If you’re willing to pay more for a press that preserves as much of your beans’ brightness and flavor as possible, we recommend the Espro Press P3. The clear front-runner among our tasting panel, this Espro model offers an unusual bucket-shaped double filter that’s much finer than most and will keep your coffee almost as grit-free as pour-over. But at around twice the price of the Chambord at this writing, the Espro P3 is a definite splurge, so we recommend it only for people who are very particular about grit in their coffee.
It may not have the set-it-and-forget-it convenience of a drip coffee maker or the cachet of a pour-over kit, but if you're looking for a quick and uncomplicated way to make a great cup of coffee, the French press (also known as a press pot) is hard to beat. The best French presses have a simple design, but the marketplace is littered with all sorts of subtle variations on the form, each one claiming innovation and vying for supremacy: glass versions, plastic versions, stainless steel versions; press pots that are insulated or double-filtered or oversized.
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Ease of Use - French Presses don’t rely on complicated mechanisms or electricity to function, but they have delicate moving components that require minute maintenance. Any tear or damage to the assembly parts may result to the grounds escaping into the end product. Many French Presses have unique features that reduce the likelihood of coffee grounds skipping the filtering process, making the finished product as pure and smooth as possible. Models that are dishwasher-safe and come with easily dismantled filter and plunger assemblies are the best choices.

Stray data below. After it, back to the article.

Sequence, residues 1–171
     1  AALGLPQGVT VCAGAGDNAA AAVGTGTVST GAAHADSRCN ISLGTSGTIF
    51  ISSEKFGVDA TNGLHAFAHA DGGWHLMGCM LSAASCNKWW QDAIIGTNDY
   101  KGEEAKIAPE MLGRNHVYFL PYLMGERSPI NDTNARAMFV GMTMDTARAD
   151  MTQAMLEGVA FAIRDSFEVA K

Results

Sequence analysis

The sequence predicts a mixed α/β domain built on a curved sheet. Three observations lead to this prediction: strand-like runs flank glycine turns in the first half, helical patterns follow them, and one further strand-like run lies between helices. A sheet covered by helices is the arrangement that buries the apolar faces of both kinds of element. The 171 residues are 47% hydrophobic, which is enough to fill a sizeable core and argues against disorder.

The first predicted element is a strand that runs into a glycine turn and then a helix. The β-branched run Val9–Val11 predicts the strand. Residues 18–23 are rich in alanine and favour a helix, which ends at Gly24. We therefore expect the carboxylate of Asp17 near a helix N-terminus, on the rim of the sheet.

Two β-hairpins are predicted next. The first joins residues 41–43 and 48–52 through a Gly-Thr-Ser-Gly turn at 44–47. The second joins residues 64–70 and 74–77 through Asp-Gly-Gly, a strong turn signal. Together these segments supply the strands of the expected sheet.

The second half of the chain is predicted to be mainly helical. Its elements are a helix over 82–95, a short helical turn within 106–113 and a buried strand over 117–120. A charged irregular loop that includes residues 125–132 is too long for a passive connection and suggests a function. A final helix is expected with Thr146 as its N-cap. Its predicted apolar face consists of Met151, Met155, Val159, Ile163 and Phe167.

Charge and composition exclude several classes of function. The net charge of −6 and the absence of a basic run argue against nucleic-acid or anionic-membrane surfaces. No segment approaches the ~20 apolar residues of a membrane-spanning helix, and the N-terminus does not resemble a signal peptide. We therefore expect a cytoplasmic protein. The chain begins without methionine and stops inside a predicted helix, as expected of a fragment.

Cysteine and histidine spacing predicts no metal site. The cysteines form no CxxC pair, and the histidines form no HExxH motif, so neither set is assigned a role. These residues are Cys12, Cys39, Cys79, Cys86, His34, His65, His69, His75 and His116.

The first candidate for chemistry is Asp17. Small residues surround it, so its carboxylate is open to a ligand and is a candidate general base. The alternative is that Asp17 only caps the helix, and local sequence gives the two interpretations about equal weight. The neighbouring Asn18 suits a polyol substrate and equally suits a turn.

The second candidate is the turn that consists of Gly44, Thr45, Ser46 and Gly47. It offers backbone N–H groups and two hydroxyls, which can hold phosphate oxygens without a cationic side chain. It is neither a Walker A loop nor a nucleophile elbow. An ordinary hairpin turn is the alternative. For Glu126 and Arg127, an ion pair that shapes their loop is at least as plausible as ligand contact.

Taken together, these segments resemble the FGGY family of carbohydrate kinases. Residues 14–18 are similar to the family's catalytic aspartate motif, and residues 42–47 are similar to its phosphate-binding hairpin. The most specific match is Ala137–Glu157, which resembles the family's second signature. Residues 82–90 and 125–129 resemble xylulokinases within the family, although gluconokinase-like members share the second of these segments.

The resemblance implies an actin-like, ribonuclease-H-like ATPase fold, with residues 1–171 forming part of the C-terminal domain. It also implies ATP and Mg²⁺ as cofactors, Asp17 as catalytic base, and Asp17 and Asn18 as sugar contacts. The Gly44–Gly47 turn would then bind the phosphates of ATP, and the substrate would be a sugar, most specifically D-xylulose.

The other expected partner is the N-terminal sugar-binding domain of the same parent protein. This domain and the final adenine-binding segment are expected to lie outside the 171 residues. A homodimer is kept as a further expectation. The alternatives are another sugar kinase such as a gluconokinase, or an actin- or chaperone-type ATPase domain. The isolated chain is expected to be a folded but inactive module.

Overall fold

Price - There is no considerable difference in the quality of the finished product produced by low-end and high-end models. However, price becomes a main consideration where durability, reliability, construction and ease of operation are concerned. In general, high-priced French Press coffee makers offer a more solid construction and better heat retention, while budget-priced models tend to focus on serving size variations and enhanced visibility during the coffee-brewing process.
Most glass French presses are made of borosilicate, a type of glass made more resistant to thermal shock by the addition of boric oxide. Thermal shock is what causes glass to break when it undergoes sharp changes in temperature. So a borosilicate beaker is important if you want your French press to remain in one piece even when you fill it with boiling water.
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The press is made from 18/10 stainless steel with double-wall construction that retains heat better than single-wall metal or glass carafes, so it’s great as a serving carafe at the table, while the interior is brushed stainless steel. The press disassembles easily and is dishwasher safe, but you don’t need to disassemble the plunger before washing.
Enticingly cheap stainless steel presses that resembled the Frieling dominated Amazon’s best-seller list at the time of our research. Of that lot, we chose to test the 1-liter Secura Stainless Steel French Press (SFP-34DS), which often takes the number one spot. Our tasting panel said this Secura model’s brew tasted fine, but the seal on the filter did not feel that tight against the inner walls of the press. Overall, this press looked like a less beautiful and less functional Frieling.
To test this Espro model’s extraction-stopping claim, we brewed coffee in the P3 and poured half of it into a mug and let the other half stand in the press for five hours. In a side-by-side taste test, the coffee we left in the press tasted noticeably more bitter than the coffee we initially poured out, but a bit better than coffee left over in a regular French press for five hours. Still, this stopper lasts only so long, and we still recommend pouring your coffee into a separate carafe as soon as it’s steeped.